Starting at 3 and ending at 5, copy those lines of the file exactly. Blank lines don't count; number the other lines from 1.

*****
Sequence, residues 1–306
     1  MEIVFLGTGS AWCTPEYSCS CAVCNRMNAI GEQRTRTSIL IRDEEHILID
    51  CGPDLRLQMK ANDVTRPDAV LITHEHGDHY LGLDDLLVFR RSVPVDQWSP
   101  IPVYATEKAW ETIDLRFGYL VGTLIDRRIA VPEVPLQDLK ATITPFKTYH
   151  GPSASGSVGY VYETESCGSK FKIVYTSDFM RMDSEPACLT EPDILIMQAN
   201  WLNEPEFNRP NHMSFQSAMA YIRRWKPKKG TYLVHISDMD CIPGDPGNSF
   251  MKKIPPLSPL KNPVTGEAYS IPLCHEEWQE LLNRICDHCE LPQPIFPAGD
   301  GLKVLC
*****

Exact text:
    51  CGPDLRLQMK ANDVTRPDAV LITHEHGDHY LGLDDLLVFR RSVPVDQWSP
   101  IPVYATEKAW ETIDLRFGYL VGTLIDRRIA VPEVPLQDLK ATITPFKTYH
   151  GPSASGSVGY VYETESCGSK FKIVYTSDFM RMDSEPACLT EPDILIMQAN